Want to help run this group by organizing restoration workdays, nature hikes, and camping trips in the Chicagoland region? Contact email@example.com
Becoming a Cook County Workday Leader, Site Steward, and Other Roles
Friends of the Forest Preserves put together a helpful page about the Path to Stewardship program. The Path to Stewardship is open to any volunteer wanting to increase their dedication to restoring healthy nature. Field experience, classes, and mentoring give you the qualifications you need to become a leader. Regardless of your age, schedule, or fitness level there are ways you can contribute!
While you need no training to come out as a regular workday volunteer, becoming a workday leader requires 3 basic classes. These classes are free and run through the Forest Preserves of Cook County (FPCC). They include:
*Managing Invasive Species
*Brush Pile Building & Burning
Sign up at fpdcc.com/volunteer.
Though the requirements say you need 30 volunteer hours, we may be able to get a current steward to vouch for you. Report as many hours as you can using their online system, and let us know if you run into any problems or are short hours. Becoming a steward just requires those three classes + time as an apprentice under a current steward. Other training FPCC offers include using a brushcutter, chainsaw safety and use, first aid/CPR, and herbicide use in natural areas, including licensing. These are not only helpful (or sometimes required) classes as a volunteer, but are also opportunities to gain skills looked upon highly for certain jobs in this field.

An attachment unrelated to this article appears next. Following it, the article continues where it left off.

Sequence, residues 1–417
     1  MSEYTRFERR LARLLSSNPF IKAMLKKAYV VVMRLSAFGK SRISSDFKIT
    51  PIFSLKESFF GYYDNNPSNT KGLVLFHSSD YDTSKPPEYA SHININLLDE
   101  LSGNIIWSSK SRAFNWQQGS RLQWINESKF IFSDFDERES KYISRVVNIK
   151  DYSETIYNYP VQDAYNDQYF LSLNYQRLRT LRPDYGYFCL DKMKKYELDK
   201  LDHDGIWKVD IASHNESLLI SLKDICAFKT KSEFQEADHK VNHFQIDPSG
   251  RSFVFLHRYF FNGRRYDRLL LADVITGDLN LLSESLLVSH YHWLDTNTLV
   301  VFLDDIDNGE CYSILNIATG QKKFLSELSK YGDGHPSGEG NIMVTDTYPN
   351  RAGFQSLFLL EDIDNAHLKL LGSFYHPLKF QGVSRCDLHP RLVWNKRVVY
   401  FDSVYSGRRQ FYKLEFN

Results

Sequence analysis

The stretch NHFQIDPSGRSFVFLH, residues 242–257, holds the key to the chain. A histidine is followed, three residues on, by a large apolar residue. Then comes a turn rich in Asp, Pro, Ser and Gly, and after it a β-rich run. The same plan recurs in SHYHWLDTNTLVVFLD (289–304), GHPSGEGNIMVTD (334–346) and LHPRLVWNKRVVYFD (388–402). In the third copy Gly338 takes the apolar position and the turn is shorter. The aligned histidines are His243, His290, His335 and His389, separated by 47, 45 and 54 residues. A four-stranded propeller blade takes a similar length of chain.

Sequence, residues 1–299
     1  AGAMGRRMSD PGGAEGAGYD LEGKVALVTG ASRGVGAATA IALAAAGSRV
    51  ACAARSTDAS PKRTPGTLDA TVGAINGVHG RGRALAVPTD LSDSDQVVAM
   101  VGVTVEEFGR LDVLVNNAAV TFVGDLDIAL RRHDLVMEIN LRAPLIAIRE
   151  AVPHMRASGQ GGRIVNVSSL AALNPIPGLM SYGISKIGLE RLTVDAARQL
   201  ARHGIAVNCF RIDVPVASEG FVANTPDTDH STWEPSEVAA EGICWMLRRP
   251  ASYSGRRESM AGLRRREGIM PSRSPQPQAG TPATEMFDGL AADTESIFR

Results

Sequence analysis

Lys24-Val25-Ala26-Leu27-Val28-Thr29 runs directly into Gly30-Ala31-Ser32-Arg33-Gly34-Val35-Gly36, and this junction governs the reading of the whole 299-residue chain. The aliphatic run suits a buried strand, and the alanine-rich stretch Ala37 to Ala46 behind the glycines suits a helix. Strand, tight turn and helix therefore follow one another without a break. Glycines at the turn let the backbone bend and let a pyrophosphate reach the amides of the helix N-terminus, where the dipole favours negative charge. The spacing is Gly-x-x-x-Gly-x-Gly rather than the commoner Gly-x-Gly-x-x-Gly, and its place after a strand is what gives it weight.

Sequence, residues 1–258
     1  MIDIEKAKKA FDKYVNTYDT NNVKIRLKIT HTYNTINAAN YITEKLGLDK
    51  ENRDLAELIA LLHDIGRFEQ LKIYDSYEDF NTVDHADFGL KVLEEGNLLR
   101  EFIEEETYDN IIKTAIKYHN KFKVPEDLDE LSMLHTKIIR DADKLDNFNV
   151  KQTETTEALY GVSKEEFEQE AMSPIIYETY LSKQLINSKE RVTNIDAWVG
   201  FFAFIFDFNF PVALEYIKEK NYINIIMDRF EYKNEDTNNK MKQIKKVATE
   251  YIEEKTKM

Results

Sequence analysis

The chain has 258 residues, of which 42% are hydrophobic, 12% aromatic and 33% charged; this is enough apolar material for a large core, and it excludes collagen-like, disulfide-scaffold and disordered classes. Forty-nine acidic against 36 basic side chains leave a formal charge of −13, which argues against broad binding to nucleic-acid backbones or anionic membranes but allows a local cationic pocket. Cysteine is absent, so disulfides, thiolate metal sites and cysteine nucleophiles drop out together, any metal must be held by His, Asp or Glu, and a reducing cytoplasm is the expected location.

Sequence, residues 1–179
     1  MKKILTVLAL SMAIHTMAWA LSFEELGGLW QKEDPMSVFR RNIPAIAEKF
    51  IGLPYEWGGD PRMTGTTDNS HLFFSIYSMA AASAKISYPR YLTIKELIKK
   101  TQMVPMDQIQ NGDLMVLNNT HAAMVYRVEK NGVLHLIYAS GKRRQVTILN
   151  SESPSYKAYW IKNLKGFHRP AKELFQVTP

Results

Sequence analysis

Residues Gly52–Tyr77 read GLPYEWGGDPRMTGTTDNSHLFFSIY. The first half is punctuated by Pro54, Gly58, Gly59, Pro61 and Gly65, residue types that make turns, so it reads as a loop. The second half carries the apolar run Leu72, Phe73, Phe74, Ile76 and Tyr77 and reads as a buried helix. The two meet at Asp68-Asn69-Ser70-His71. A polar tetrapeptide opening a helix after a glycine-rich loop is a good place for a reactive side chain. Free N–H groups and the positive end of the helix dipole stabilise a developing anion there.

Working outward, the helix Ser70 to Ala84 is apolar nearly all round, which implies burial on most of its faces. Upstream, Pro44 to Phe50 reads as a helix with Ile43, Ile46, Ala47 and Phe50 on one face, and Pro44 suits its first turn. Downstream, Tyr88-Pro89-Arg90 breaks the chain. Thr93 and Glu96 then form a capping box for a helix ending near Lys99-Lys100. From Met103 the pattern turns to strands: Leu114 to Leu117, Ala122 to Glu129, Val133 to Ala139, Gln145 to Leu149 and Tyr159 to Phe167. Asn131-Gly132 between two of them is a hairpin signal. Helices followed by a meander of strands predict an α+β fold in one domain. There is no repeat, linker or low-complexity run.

The FPCC’s Next Century Conservation Plan calls for at least 400 stewards to guide thousands of volunteers to restore and maintain the ecological health of 30,000 acres of land in Cook County within the next 25 years…will you be one of them?
Finding (and Landing) a Conservation Job
The Chicago Wilderness Next Generation of Conservation Leaders Working Group developed a 1-pager titled “Five Things You Can Do to Jumpstart Your Environmental Career in the Greater Chicago Region.” The five things are:
- Become Certified
- Have Fun!
The flyer has a list of resources included. If you’re looking for a job, the oft-refreshed job board page for Chicago is the Chicagoland Environmental Network website. Although your best way to finding a job is likely through networking, the majority of regional conservation-related jobs are posted on this website.
Wild Things Community, Find Your Spot: Engage with nature at a preserve you love! Explore the Wild Things Community’s map of Chicago Region sites where volunteer groups nurture, restore, and build community around nature.